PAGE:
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John Wesley Harding link:

John Wesley Harding

    John Wesley Harding
    The Knitting Factory, Hollywood, CA
    March 2, 2001

John Wesley Harding stole his stage name from a classic Bob Dylan album, but his gift for witty songwriting, and equally witty performing, is solidly an innate trait. These skills were on sparkling display in this small Hollywood club performance.

The set’s highlight came towards the end of Harding’s brief performance when he sang "Goth Girl" from the new "Confessions of St. Ace" album. It’s an unlikely love ode to a black-clad and depressive female Gothic music fan. Harding may have cynicism to spare, but he never lets this skepticism prevent him from seeing the indescribable joy of living. With his words of advice to this girl, he ponders why she can’t see the sunshine as he simultaneously offers to pour a little of his own light into her self-darkened world. In a music world of lyrical reruns, this is one unique idea for a love song, and it works primarily because of its utter originality.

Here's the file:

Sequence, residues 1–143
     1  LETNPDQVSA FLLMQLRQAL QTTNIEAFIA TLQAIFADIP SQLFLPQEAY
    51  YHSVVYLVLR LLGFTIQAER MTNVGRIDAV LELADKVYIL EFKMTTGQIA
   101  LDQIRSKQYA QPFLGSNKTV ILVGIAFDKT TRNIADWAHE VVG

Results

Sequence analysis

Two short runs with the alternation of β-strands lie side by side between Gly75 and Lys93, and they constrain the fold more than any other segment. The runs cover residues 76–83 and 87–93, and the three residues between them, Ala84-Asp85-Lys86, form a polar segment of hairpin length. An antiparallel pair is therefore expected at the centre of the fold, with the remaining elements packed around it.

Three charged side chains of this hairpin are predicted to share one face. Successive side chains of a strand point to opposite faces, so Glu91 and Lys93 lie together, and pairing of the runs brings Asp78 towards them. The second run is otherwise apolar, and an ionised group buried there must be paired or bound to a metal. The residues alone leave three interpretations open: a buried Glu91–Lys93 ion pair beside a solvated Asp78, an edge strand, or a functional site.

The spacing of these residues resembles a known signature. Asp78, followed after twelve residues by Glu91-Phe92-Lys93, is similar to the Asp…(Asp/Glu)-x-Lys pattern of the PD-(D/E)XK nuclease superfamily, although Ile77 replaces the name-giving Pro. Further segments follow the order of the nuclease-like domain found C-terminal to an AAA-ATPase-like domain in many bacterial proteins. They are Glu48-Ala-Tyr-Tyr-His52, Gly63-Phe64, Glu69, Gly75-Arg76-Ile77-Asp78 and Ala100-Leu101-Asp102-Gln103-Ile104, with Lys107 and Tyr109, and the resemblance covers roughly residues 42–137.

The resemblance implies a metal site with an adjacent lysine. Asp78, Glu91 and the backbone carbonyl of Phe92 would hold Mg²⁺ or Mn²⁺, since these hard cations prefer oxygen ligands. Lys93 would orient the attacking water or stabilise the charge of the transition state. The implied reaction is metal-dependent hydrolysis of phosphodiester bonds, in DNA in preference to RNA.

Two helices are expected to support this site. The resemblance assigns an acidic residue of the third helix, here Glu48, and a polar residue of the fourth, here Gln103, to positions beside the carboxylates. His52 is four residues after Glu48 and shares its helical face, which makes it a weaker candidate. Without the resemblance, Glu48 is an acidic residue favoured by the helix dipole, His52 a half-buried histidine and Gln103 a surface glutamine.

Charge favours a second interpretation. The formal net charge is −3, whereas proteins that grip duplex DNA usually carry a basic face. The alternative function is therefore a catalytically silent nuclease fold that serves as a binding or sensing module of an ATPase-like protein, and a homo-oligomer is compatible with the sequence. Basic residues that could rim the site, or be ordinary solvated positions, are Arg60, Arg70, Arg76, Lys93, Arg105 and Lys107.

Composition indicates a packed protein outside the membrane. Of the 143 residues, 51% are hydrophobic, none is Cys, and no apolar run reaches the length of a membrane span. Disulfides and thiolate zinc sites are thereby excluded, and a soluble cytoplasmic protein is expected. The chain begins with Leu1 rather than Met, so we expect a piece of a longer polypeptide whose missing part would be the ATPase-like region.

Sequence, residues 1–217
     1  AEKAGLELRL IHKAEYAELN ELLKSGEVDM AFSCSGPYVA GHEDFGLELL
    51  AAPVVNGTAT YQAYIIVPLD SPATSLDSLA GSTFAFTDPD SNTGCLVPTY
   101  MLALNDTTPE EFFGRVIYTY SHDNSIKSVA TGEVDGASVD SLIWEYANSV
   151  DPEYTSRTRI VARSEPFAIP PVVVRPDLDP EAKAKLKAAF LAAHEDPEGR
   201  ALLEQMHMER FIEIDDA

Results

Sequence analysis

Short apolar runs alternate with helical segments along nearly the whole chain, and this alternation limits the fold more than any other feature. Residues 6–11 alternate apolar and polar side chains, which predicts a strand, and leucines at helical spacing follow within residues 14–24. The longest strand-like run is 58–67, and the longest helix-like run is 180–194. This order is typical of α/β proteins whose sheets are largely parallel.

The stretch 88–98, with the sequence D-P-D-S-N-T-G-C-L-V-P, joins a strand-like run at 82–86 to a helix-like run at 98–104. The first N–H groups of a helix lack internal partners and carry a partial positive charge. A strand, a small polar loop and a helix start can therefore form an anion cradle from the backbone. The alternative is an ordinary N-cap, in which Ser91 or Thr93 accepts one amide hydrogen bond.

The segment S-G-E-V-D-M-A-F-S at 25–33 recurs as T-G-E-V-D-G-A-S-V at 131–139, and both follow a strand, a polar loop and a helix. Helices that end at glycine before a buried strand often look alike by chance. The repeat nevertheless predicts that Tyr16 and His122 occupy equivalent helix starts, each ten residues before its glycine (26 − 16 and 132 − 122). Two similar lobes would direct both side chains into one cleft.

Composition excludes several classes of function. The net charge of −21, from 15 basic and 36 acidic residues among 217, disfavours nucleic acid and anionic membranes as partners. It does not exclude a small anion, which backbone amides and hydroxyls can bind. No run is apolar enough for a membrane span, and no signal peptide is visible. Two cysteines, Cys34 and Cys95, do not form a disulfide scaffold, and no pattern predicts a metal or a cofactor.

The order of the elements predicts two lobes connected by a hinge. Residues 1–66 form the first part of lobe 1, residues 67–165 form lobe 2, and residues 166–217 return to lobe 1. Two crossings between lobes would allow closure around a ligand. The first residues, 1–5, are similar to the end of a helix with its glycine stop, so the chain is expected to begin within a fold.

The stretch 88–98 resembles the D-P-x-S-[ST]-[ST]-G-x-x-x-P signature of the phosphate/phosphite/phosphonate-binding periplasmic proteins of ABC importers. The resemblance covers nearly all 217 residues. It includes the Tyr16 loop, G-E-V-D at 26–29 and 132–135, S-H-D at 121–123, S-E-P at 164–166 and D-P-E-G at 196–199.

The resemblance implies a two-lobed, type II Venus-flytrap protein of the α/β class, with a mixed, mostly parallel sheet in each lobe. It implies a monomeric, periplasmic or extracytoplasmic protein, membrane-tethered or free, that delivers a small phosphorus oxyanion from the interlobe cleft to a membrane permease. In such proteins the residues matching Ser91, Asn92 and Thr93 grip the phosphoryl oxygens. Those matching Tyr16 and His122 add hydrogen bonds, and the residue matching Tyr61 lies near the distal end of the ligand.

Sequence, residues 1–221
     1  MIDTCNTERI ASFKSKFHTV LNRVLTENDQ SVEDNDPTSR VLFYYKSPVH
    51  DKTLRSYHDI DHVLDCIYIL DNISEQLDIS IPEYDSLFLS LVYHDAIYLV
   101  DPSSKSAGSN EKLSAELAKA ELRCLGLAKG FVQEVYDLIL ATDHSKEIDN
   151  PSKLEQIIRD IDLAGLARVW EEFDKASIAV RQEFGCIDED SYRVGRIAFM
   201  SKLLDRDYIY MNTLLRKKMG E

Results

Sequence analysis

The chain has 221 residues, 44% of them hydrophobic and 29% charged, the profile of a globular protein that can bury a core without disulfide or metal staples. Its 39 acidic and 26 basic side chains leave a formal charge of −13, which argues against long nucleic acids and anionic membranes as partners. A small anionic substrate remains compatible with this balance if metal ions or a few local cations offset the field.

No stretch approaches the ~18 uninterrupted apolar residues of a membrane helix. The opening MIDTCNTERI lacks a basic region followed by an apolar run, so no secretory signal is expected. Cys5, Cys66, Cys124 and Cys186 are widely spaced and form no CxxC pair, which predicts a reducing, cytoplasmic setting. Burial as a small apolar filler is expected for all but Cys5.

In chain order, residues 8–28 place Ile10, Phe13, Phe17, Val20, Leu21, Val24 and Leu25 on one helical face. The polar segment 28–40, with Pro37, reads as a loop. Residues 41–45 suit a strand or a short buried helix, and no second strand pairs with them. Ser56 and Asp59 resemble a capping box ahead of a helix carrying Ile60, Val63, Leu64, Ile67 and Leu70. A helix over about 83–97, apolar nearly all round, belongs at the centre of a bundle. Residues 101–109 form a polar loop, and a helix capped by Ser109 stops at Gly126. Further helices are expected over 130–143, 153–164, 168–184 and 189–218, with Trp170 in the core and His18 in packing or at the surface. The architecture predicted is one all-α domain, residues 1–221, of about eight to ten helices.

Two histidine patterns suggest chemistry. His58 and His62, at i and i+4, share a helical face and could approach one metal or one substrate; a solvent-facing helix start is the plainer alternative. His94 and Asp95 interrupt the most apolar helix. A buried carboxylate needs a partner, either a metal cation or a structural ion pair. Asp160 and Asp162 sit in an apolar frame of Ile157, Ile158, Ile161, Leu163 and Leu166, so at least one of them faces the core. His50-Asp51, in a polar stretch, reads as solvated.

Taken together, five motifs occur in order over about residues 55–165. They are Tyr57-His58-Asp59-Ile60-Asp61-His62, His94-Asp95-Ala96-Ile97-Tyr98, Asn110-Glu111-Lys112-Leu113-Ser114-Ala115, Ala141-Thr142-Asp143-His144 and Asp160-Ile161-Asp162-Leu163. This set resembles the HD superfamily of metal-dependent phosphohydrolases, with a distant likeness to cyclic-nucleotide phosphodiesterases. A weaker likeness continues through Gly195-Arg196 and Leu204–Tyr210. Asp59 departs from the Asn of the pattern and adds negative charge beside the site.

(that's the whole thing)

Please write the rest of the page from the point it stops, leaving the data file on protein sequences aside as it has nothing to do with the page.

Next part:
Harding can certainly be a cheeky bugger, but beneath that quick-witted exterior there also lies a sensitive singer-songwriter. This side of his personality was displayed on the warm "Our Lady of the Highways," which bestows a prayer for traveling mercies upon a lover many miles away. It’s a song infused with gentle loving care.

He closed this short, yet exhilarating set with the wiseacre "Burn," which points out the temporal nature of so many seemingly grand human endeavors. But even while he is making these valid points, Harding has the good fun to name-drop the disco standard "Disco Inferno" along the way, revealing how easily he mixes pop culture with his social politics.

Harding is like a wild hair standing out from the perfectly groomed head of today’s singer/songwriter world. Thank goodness there is somebody who is never afraid to consistently let his hair down for a little good-natured and intelligent fun.—Dan MacIntosh

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